Not long ago, housebuilders were all clamouring to get a slice of London's high-end property market. Not any more: today Barratt said although sales have been strong, demand in the capital has weakened.
First, the good news: in a trading update ahead of its shareholder meeting today, the housebuilder said total forward sales rose 4.3 per cent to £2.65bn in the 12 weeks to 13 November. Wholly-owned forward sales rose 19.5 per cent to £2.47bn.
Meanwhile, its sales rate per active outlet rose to 0.74 net private reservations - up from 0.71 during the same period last year.
Barratt said it had launched 69 new developments during the period, up from 51 last year, and was operating from 385 sites, up from 380. However, average site numbers for the period fell 4.1 per cent to 370.
More encouragingly, it also repeated plans to pay a £248m dividend later this month.
That wasn't enough for shareholders, though: shares were down 2.1 per cent at 475.4p in early trading.
Why it's interesting
The government has spent the past few years throwing a raft of measures at housebuilders, aimed at increasing the number of homes they build.
Thus, Barratt said today it had continued to benefit from the government's Help to Buy scheme - and while it didn't mention it, that cut to interest rates has helped push up mortgage lending, too.
But London, where price growth has been slow since the Brexit vote, has been a fly in the ointment. The company said while sales rates in its Northern and Central regions had outperformed the year before, in the capital they remained softer.
That was particularly the case at the top end of the market - to the extent where Barratt said it had taken "pricing action" at a number of its sites in the capital to mitigate those risks. It's not the only one: in September Berkeley Group halted construction at one of its sites, a £20m housing scheme in Barnes.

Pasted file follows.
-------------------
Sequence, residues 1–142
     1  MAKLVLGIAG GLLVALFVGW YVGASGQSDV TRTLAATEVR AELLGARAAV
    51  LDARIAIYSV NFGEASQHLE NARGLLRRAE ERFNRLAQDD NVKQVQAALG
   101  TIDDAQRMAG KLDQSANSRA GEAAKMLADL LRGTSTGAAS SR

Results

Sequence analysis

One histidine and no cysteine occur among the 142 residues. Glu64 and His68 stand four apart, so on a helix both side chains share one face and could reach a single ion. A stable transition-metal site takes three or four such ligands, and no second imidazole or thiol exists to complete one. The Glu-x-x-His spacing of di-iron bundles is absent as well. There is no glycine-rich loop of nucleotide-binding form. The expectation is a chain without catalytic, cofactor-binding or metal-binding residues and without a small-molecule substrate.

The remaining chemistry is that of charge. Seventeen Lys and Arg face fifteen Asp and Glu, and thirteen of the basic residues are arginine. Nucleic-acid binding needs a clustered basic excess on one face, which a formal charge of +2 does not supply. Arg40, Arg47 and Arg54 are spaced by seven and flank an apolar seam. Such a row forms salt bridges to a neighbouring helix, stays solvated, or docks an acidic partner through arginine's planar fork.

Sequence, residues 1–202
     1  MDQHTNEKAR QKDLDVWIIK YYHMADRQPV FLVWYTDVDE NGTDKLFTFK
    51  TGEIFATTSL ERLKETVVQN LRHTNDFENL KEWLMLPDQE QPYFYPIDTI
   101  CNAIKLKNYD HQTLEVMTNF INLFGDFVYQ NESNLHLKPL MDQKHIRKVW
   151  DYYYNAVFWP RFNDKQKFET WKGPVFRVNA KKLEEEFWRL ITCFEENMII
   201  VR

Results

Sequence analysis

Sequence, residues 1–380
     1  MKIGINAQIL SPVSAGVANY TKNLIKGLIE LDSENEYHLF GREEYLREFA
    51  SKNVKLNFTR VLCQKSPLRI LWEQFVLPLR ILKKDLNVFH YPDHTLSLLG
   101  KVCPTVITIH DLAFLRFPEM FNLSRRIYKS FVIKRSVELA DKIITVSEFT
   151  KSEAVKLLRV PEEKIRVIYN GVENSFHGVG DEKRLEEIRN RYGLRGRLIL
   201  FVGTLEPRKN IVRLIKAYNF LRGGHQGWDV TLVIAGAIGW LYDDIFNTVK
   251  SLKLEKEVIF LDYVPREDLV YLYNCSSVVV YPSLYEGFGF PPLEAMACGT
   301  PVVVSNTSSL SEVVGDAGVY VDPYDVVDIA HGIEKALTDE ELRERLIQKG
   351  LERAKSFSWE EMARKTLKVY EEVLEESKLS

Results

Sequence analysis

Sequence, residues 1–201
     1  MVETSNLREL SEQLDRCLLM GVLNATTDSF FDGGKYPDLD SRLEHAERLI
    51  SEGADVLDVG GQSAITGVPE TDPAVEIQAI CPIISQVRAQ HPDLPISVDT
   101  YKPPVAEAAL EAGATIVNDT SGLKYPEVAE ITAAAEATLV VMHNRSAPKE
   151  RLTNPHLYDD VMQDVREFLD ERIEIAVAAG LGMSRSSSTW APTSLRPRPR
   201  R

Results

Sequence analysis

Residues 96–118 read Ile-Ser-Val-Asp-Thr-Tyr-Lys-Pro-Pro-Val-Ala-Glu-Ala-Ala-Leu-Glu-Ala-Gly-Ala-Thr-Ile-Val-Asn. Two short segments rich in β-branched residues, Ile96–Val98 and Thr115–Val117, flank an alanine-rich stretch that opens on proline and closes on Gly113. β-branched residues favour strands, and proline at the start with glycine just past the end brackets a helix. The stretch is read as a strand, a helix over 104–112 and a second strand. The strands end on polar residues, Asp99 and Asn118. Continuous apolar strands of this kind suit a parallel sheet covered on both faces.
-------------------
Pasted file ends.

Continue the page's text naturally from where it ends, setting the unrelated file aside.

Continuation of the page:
"Further actions to de-risk London delivery include an exchanged build and sale agreement on a bespoke development of 39 apartments for a total value of £47m," it said.
It's worth pointing out that analysts were reasonably happy with Barratt's performance, despite its trouble at the top end.
"Barratt demonstrated today the benefits of a broad national coverage," said Anthony Codling, equity analyst at Jefferies.
"Outside of the capital where the majority of homes are covered by Help to Buy trading is strong...Overall the group is trading in-line with expectations although we believe that the moving parts are moving at a greater pace more than the group would ideally choose."
Still - it probably doesn't help that the company's former London boss, Alastair Bird, has been arrested on suspicion of bribery.
What Barratt said
Chief executive David Thomas said:
This has been another good trading period for the group. Consumer demand is strong supported by good mortgage availability.
We are mindful of the potential for economic uncertainty created by the outcome of the EU Referendum. However, market fundamentals are robust, and we remain a housebuilder of choice.
Barratt's spread across the UK has helped cushion it from slowing house price growth in the capital.